You often/used to hear that "35mm film is 4K, 16mm film is 2K, and Super 8 film is 720p," so why do I often see services such as this one offering to digitize Super 8 film at 4K?

If all of the information on a Super 8 film has already been captured at 720/1080p then what's the point of digitizing the film at higher resolutions such as 4K?

I realize that when a 4K display receives a 1080p input that the display will have to upscale the picture using methods such as interpolation. But if one were to output a Super 8 film at 4K resolution to be displayed on a 4K display, wouldn't you be filling the 4K display with empty pixels given that all of the information on the Super 8 film has already been captured at 720/1080p?

  • Are you talking real super-8 film, as in silver-based emulsion? Or a digital "super 8" format? For film, the highest digital capture resolution should be used (for the highest quality reproduction); film in general is higher "resolution" because its images are formed from microscopic silver grains. For digital video, of course, there would be no reason for digitizing at all.
    – user8356
    Mar 11, 2021 at 15:04
  • @user8356 Not sure what you mean by silver-based emulsion, I mean I know what an emulsion is, but I grew up entirely in the digital era, so these terms predate my time. When I say Super 8 film, I mean analog Super 8 film reels from the 70's. Are you saying 4K still makes sense for Super 8 film? If it does, then I'm not sure what I should do, since I couldn't find any Super 8 film converters that can output in 4K, that would allow me to do it myself. There are services which use specialized machine that can output in 4K, but they are expensive. What do you suggest I should do? Mar 11, 2021 at 19:27
  • @user8356 ...Save up to have someone do it for me, or purchase a converter that can output in 1080p and do it myself? Mar 11, 2021 at 19:32
  • @user8356 Services, such as this one, offer to digitize Super 8 film at 4K, but they charge $0.90/foot. If I do some simple math, 33 3-in reels at 50 feet of film per reel times $0.90/foot = 33 x 50 x 0.90 = $1485 vs. buying a converter from an established company that can only output in 1080p for $299.95 such as this one. What do you suggest I do? Save up to have it done for me in 4K or get a converter that can only output in 1080p and do it mys Mar 11, 2021 at 19:54
  • When you digitize an analog source, the highest resolution is usually best. However, as you show, the cost of 4K digitization is too high. There is nothing wrong with digitizing at 1080p. It should look good on a large monitor or TV, and file sizes won't be as huge as 4K. Also, the original focus and exposure of the film might not be that good, so no need to use 4K for quality that isn't there. You could have a pro service digitize a real at 1080p so you can compare their results to the quality you get doing it yourself. I do not know if home film digitizer will produce good 1080p results.
    – user8356
    Mar 12, 2021 at 15:27

1 Answer 1


Calling super-8 720p is confusing. There are no rows of pixels, only grains of emulsion, scattered in a random pattern on the base.

That said, film does have an upper bound on its resolving power, in other words, the smallest detail it can reproduce. Kodachrome could resolve 96-135 lines per millimeter, which can be roughly converted to 180-270 pixels per mm (it takes two pixels to resolve a line). A super-8 frame is 3.3mm high, so the vertical resolution is somewhere between 540 and 810 pixels. So as a back-of the envelope description of its resolving power 720p is a good approximation.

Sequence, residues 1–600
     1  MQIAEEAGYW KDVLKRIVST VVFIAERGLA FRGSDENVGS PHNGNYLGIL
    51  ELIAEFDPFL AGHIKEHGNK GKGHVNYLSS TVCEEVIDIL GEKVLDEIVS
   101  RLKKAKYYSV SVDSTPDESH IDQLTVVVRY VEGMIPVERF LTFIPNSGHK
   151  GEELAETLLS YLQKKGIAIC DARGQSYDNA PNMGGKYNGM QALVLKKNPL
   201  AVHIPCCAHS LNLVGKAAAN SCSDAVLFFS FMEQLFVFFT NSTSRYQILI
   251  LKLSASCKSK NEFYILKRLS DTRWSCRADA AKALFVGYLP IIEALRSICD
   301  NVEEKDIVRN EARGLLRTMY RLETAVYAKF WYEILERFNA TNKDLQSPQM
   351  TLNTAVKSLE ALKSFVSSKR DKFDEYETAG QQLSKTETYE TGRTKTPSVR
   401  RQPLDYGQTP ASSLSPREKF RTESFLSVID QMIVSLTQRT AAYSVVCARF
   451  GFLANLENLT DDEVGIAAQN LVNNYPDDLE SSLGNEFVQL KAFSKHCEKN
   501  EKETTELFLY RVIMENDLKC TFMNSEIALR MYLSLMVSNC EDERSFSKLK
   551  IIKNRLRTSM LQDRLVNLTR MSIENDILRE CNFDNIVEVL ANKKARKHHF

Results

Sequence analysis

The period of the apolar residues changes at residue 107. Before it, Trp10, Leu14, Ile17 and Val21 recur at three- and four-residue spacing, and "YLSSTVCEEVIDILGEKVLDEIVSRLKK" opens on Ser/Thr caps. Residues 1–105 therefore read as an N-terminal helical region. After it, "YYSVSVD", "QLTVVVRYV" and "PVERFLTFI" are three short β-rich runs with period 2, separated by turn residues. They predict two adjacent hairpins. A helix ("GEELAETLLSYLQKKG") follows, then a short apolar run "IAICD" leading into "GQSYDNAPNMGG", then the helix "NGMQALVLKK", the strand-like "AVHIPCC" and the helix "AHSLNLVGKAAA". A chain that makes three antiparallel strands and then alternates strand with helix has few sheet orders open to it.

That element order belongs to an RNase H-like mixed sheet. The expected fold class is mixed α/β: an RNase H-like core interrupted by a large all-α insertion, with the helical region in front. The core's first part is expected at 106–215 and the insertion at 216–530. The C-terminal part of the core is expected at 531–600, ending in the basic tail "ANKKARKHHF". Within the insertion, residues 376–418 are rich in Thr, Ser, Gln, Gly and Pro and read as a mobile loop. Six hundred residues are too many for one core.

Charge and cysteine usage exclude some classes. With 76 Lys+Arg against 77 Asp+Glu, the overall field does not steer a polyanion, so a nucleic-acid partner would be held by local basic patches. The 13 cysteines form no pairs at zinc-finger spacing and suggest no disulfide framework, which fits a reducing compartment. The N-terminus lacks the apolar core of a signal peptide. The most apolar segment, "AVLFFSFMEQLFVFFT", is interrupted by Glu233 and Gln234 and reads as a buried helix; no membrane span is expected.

So if you capture super-8 in HD you will be getting enough resolution in your digital file that all of the image that is present on the super-8 frame will be preserved. Higher resolution will just give you more detail of the grain. It won't look worse, but it won't look a whole lot better.

What I would be more concerned about was the fidelity of the colour, and the quality of the transfer. A well transferred, lower resolution transfer will beat a poorly done higher resolution transfer any day. You can just project the film on a wall and film it, but it's probably going to look dreadful.

  • Thanks for taking a stab at answering the question. I didn't think anybody would and only noticed now that you answered the question, although I was able to glean some useful information from just the comments. My question, though, wasn't just about digitizing analog Super 8 film, it was also about the whole point of outputting an analog source at higher resolutions in general, i.e. scanning an analog photograph or digitizing Super 8 film. Mar 31, 2021 at 19:24
  • Specifically, why does outputting an analog source at higher resolutions produce a better picture quality, however slight, on higher resolution screens than just outputting at a lower resolution and letting the higher resolution screen fill in the pixels using interpolation? That was really the question I needed to have answered. Mar 31, 2021 at 19:25
  • A 4k scan will probably look better on a 4k screen than a 1080p scan digitally up-scaled. The extra resolution will be coming from the source, rather than an interpolation algorithm. But it will just be more detailed globs of grain, rather than actual image.
    – stib
    Apr 2, 2021 at 1:16

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